Students protest USC health center abuses

Organizers Ariel Sobel, Jessica O’Connor, Shany Ebadi and Katie Thanos led a march from Hahn Plaza to the Engemann Student Health Center Wednesday. (Jonathon Xue/Daily Trojan)

Nearly 50 students, faculty and alumni marched from Tommy Trojan to the Engemann Student Health Center in the rain Wednesday to protest USC’s handling of sexual misconduct cases. The protest was partially prompted by new allegations made last week against former campus physician Dennis Kelly, who resigned last August.

Students organizing the protest said they felt the need to act after hearing the most recent allegations, which followed allegations of sexual misconduct against former campus gynecologist George Tyndall, who has been accused of harassment and abuse by over 500 women.

“I was disappointed by the lack of outrage on campus, but I realized that it wasn’t that students weren’t upset, it was that they didn’t have a place to be upset and to voice those concerns,” said Katie Thanos, a junior majoring in law, history and culture. “I feel like we needed to make a space for that, and that’s what today is.”

Since six LGBTQ former students filed a lawsuit last Monday against the University and Kelly for gender violence and sexual harassment, the University has yet to release an official public statement. Many of the protestors cited this in their reasons for marching.

Jonathon Xue/Daily Trojan

Katie Hurley, a second-year graduate student studying social work, was one of the students who spoke to the crowd gathered at Hahn Plaza.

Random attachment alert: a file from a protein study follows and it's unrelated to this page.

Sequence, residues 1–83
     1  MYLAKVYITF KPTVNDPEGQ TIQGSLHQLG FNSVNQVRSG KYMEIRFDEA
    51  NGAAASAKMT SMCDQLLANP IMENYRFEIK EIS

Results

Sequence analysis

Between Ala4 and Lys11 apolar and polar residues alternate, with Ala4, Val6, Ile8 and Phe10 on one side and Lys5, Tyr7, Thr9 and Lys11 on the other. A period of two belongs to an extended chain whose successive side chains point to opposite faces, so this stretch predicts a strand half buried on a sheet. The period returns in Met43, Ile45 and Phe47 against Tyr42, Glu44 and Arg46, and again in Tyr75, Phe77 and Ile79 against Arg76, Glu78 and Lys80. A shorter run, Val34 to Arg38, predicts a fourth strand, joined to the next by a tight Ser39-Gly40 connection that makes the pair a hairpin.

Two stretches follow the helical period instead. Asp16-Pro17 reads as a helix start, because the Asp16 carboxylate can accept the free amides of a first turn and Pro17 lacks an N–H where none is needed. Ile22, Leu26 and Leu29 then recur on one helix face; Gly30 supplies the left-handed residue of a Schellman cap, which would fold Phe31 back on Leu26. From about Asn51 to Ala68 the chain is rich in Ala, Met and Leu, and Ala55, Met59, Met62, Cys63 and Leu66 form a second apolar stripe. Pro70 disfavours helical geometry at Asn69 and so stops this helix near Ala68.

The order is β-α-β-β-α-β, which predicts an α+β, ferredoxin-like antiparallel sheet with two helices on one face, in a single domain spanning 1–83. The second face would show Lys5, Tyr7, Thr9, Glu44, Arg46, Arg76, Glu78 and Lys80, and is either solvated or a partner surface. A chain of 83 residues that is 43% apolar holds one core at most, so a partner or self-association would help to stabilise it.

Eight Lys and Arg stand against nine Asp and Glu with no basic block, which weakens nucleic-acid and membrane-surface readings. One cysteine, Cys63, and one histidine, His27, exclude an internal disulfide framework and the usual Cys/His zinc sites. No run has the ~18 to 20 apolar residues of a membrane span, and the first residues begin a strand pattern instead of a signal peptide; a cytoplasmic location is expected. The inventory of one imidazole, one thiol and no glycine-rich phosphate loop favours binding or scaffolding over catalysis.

“It has become painfully clear that our Student Health Center is [an environment] where abusers thrive,” Hurley said. “[Chief Health Officer] Sarah Van Orman has made some really important changes … except it’s still putting the responsibility on students … what really needs to change is the environment.”

After hearing from various student representatives, the protestors marched to Engemann to deliver a list of demands, specifically to Van Orman, who did not come out to greet the demonstrators. The organizers demanded sensitivity training for all USC Student Health workers, dismissal of employees complicit in past sexual abuse and increased transparency from the University, among other requests.

The protest was organized by a number of campus organizations, including the Queer and Ally Student Assembly, which released its own statement last week.

“We want members of QuASA and students at large to know that we condemn these alleged actions in the strongest possible terms,” the statement read. “We are committed to pushing USC to make the safety of its students, particularly its marginalized students, [the] top priority.”

Justice for Trojans, a group formed by alumna Ariel Sobel last year in response to the allegations made against Tyndall, also helped organize the protest.  

Sobel, a 2017 graduate who organized a protest against University administration last June, said she was proud of how Wednesday’s protest turned out.

“It’s really amazing to see current students fighting for justice of people that they don’t know,” Sobel said. “It shows a real moral compass.”

Jonathon Xue/Daily Trojan